Tuesday, March 23, 2010

Crème Brûlée Demystified

Everyone loves crème brûlée. At least I think everyone loves it. What's not to love? Silky, vanilla-infused custard. Crackling, caramelized sugar crust that gives off a sound like a snapping twig when you plunge your spoon into it. An almost other-worldly reaction to the first bite and a profound sense of regret when it's all gone. It's all good.

What surprises me, though, is that so few people make crème brûlée at home, opting instead for ordering it in restaurants where it all too often suffers because of the constraints - mostly related to being able to serve it on demand - placed upon a kitchen that doesn't take its dessert program seriously. My hope is that you'll take this opportunity to follow along and learn to make your own. After all, it has all of four ingredients and is within the capabilities of a mature 10-year-old, but for some reason it intimidates the hell out of people.

Let's begin at the very beginning. Crème brûlées is nothing more than a custard which, at its most basic, is milk or cream sweetened and thickened as it cooks with eggs or egg yolks. Pudding is essentially a custard. So is flan. So is chocolate mousse unless you're using gelatin and so is ice cream; so if you can make any of those things you can make crème brûlée. In fact, crème brûlée is easier than ice cream because you don't have to cook the custard on top of the stove, which can be more than a little tricky.

Begin with egg yoks, sugar and vanilla. For each two servings you'll want two yolks, 1/4 cup sugar and 1 teaspoon of vanila extract. I realize it's fashionable to use vanilla beans but they're expensive, and I've never figured out how it is that every recipe - no matter how many servings it's supposed to make - calls for one vanilla bean. So, given that variable, I use vanilla extract instead.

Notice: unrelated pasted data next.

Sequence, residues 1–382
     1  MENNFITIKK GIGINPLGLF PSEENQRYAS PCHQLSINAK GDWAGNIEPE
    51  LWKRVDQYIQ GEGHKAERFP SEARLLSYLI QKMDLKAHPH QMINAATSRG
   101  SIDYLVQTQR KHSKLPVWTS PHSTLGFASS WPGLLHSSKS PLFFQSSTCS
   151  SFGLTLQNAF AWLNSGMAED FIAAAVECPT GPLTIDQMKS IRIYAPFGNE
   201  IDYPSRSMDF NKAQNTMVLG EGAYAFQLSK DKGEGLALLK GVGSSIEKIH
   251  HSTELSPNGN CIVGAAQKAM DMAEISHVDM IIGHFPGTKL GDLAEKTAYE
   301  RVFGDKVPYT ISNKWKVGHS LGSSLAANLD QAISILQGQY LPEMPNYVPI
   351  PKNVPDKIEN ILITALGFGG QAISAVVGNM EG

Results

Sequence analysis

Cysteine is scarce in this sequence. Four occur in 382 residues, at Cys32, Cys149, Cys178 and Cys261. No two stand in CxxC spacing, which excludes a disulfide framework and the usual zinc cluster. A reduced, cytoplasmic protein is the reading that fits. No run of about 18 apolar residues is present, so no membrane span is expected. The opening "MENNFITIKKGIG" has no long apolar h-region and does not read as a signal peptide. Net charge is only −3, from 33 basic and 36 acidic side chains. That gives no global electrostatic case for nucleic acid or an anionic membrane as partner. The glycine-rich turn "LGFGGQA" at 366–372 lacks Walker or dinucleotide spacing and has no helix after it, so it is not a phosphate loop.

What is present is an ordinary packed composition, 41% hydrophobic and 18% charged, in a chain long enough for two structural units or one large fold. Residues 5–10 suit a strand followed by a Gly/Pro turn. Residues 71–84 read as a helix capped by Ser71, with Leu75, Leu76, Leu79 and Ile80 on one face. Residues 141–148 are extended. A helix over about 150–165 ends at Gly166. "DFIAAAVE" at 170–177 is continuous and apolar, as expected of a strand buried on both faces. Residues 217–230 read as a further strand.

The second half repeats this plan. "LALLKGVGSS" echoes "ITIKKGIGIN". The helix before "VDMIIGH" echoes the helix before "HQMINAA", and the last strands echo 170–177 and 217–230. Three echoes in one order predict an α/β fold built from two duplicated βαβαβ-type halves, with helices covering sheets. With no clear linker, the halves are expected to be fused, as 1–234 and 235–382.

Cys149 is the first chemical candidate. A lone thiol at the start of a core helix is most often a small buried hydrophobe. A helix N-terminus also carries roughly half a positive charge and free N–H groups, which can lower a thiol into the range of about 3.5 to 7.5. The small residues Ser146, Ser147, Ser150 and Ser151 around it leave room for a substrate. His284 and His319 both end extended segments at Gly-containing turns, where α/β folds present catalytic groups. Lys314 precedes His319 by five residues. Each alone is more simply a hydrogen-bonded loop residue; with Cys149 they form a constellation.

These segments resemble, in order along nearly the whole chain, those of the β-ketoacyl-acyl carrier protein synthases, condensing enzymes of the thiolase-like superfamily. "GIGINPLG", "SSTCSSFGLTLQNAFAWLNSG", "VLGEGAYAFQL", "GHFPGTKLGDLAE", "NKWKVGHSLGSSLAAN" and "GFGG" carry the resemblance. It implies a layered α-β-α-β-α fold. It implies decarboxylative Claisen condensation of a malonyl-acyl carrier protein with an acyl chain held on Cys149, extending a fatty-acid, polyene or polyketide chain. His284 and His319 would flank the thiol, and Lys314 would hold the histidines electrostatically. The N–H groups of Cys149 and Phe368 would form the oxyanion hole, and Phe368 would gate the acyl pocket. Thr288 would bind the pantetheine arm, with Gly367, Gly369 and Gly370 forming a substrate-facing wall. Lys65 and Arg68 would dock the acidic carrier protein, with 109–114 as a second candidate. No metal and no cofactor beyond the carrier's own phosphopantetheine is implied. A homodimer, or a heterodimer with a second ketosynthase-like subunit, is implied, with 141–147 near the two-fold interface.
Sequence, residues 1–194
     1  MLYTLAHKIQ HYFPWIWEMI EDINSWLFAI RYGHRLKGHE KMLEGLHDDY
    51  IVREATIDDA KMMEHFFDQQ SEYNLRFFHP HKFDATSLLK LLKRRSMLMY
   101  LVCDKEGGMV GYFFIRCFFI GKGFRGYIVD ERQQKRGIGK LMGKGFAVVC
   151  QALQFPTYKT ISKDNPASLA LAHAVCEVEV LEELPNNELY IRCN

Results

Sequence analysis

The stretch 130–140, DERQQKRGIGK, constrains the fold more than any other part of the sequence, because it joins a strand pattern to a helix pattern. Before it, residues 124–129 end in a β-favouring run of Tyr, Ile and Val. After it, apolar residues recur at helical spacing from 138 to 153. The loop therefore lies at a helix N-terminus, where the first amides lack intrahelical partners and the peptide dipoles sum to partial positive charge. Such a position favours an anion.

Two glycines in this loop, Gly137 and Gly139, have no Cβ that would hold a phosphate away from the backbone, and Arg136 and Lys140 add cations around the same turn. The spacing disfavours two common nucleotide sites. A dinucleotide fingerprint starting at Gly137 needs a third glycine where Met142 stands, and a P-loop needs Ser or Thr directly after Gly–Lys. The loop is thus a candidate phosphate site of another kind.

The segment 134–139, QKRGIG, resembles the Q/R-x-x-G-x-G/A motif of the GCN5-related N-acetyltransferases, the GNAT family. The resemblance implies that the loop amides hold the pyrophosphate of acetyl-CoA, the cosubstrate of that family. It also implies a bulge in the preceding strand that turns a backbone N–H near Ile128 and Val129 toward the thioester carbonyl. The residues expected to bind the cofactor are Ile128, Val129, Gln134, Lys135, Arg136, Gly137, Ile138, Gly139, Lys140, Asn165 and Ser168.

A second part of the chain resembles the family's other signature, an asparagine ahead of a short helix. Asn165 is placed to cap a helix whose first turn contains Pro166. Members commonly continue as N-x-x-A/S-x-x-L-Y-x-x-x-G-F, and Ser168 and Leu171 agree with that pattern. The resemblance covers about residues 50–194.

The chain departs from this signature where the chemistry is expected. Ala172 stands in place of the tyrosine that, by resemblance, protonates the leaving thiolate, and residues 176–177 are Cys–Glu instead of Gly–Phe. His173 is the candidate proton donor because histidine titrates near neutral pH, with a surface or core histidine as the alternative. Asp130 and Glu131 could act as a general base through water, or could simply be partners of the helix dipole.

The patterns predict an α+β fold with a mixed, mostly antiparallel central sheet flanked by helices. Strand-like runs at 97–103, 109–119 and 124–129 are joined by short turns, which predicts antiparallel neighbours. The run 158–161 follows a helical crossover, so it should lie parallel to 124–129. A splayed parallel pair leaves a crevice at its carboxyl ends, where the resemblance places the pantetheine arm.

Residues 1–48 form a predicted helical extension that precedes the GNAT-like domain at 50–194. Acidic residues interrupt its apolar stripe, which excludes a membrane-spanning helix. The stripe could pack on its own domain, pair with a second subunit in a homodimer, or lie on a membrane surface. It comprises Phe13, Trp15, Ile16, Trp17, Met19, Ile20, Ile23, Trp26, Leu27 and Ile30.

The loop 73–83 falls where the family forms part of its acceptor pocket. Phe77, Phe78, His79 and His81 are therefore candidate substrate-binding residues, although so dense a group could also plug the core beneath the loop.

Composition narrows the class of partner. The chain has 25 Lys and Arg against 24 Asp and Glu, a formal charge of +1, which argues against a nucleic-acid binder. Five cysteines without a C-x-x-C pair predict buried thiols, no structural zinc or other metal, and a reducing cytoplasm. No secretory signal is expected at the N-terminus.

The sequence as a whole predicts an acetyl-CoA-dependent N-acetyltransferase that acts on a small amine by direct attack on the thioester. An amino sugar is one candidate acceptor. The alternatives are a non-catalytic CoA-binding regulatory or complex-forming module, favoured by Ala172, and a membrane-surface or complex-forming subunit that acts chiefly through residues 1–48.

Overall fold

There used to be a product called vanilla bean paste. Maybe it still exists but I don't see it at retail any more. Nielsen-Massey made it and someone made it for Trader Joe's (probably the same people). It had little flecks of vanilla bean in it and it had less alcohol than vanilla extract, making it ideal for something like crème brûlée. I'm too lazy to look, so perhaps you can find it somewhere, but I do know that Trader Joe's discontinued it about 3 years ago. Too bad.

To start, beat the egg yolks and the sugar in a bowl until they turn from bright yellow to a pale yellow and form what's called "the ribbon". This is when you lift your whisk out of the mixture and it forms a smooth "ribbon" as it flows back into the bowl. This picture and the next one (of the cream going in) are reasonably good depictions of the color before and after beating. This should take about a minute or so.  Add the vanilla and whisk to combine. Note: if you have a bowl with a pouring lip or a big Pyrex pitcher, use it. It will make your life much easier in a few minutes.

In the meantime heat 1/2 cup of heavy cream per egg yolk in a saucepan. Use medium heat unless you're watching it like a hawk. You don't want it to boil over. In fact, despite what other recipes tell you, it shouldn't boil at all. It should just get hot enough to where there are little frothing bubbles at the edge and the middle is starting to squirm a little. This is called "scalding".  It keeps a skin from forming on the cream, which you would then have to strain out. Most recipes call for this step and I have never had to do it.

Now, SLOWLY pour the hot cream into the egg/sugar mixture in a very thin stream, whisking constantly. It helps if you have one of those non-skid bowls, but you can also roll up a kitchen towel, curl it into a circle and put your bowl on it. This will keep it from skating across your counter. The reason for going slowly is to prepare the eggs for the heat of the cream. If you dump the cream in all at once you're going to have scrambled eggs.

After you've added the first half cup or so of cream you can pour much more quickly. Just keep whisking as you do. When everything is combined, pour the mixture into 6-ounce ramekins (this is where the pitcher or the bowl with the spout comes in handy), alternating the pours among the ramekins and whisking between pours so that you don't get a big blast of sugar and egg in the last ramekin. The stuff tends to settle.